Rescued Hawksbill Turtle Returned to the Sea
The Hawksbill sea turtle that was found last May with a hook in her throat recovered completely and was reinserted to her natural habitat on July 22, 2012, in Riviera Nayarit.
The endangered hawksbill was appropriate named "Jaltemba" because she was rescued off Jaltemba Bay by Red Tortuguera A.C.
Jaltemba underwent a complicated surgery to remove the hook, recovered well and gained weight, so specialists decided that she could be reinserted to its habitat. The turtle was released at the beach in Rincon de Guayabitos, close to the location where it was rescued.
"It has been very important to rescue and reintegrate Jaltemba to its habitat, not only because the hawksbill sea turtle is the most endangered species among the turtles that come to our region, but also because this case has had a great impact on society and the media, and this helped us raise public awareness about the importance preserving this species," said Vicente Peña, field technician of Red Tortuguera A.C.
In fact, Jaltemba was released with a satellite tracking chip that will reveal more about its location and habits, something essential to learn more about hawksbill turtles, in order to create strategies for its preservation.
Olive Ridley turtles are the common visitors to Riviera Nayarit. There are preservation efforts along the coast from all sectors of society, which have been generating results, and the number of nests has increased significantly.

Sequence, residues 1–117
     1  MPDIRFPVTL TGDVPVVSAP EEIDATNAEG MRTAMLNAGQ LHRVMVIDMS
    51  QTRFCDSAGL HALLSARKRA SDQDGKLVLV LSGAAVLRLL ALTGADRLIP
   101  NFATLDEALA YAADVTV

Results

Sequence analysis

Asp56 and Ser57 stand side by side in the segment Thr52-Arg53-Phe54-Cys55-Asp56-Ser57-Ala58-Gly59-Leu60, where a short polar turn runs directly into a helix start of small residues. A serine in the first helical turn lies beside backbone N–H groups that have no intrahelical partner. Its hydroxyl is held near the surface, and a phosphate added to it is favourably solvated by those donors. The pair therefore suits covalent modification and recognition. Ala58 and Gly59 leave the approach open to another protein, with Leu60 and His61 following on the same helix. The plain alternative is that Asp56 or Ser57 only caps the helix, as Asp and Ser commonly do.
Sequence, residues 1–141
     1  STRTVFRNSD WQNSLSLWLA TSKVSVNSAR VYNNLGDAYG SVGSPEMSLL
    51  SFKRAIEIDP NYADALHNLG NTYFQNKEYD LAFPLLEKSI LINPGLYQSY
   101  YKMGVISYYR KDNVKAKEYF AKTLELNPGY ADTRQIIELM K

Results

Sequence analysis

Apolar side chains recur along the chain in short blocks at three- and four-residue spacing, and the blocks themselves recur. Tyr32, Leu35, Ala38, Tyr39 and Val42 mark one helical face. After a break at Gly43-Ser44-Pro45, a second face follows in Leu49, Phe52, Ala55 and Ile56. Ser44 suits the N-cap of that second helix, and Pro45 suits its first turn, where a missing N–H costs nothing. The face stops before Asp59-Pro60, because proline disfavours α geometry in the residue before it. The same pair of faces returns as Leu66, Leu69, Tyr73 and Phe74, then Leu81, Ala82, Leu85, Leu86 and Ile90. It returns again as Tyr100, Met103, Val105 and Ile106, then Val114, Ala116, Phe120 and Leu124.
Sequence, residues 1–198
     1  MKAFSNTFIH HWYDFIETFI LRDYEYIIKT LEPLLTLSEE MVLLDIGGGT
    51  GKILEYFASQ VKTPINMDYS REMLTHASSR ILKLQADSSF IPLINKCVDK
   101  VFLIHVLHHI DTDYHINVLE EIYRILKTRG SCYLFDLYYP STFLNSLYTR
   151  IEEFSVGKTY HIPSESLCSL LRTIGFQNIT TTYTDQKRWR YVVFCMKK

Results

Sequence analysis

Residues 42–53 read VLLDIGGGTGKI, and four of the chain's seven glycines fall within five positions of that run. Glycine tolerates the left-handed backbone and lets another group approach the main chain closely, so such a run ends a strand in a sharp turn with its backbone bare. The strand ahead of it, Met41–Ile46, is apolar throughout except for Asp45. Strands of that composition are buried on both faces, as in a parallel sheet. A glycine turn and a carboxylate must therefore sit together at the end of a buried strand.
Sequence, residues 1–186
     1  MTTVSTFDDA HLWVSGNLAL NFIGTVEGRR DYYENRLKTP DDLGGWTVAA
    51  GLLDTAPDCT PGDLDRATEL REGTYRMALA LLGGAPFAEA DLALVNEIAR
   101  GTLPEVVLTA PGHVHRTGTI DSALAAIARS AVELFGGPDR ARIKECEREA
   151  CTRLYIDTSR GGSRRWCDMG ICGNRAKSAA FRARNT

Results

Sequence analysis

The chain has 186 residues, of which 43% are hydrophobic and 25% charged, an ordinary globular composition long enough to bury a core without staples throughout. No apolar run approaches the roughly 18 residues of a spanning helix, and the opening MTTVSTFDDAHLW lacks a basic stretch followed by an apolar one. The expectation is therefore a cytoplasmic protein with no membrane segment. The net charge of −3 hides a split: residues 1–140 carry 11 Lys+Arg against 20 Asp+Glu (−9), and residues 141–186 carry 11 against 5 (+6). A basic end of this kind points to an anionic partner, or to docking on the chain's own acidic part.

However, Hawksbill turtles like Jaltemba are not common, and therefore the especial importance of this rescue.
According to Eastern Pacific Hawksbill Initiative (ICAPO), the protection of the Hawksbill turtle in the Pacific is one of the conservation issues that have become a priority, because this is one of the most endangered species in the region: it's estimated that only a couple hundred turtles nest along the entire coast.
This low level of nests indicates that there is very little likelihood that the species will survive we don't carry out coordinated actions for their preservation. Protecting their eggs, Oficina de Visitantes y Convenciones (Convention & Visitors Bureau) is involved in fostering hatching, generating biological information on the species and protecting marine habitats are part of our strategy.
Vicente Peña reported that this year there have been 20 registered nests in Punta Mita. Even though the nesting season is just beginning, there are two additional new nests whose characteristics suggest that they're probably hawksbill nests.
These numbers are encouraging if we consider that in all of 2011 there were only 4 nests, and there were none in 2010, according to Tortuguera Red AC. The organization also said that Punta Mita is one of only two nesting grounds for Hawksbill turtles in the entire Mexican Pacific.
The Convention and Visitors Bureau (CVB) of Riviera Nayarit wishes to thank and congratulates Vicente Peña and the entire team of Red Tortuguera AC, as well as Catherine E. Hart for coordinating the rescue efforts of Jaltemba. We also thank Alan Zavala, who arranged to receive Jaltemba diligently in the research center, and Paula Claussell, Jesus
Pineda, Roy Quintero, Irving Gonzalez and Alonso Aguirre, and all the staff and students of
CIIDIR, who offered their time and efforts to save this turtle.
Jaltemba has finally made her way back into the Bahia de Jaltemba. Buena suerte Jaltemba!
(Photo courtesy of Catherine E. Hart of Red Tortuguera A.C. and Vida Silvestre Wildlife-Sinaloa CIIDIR-IPN)
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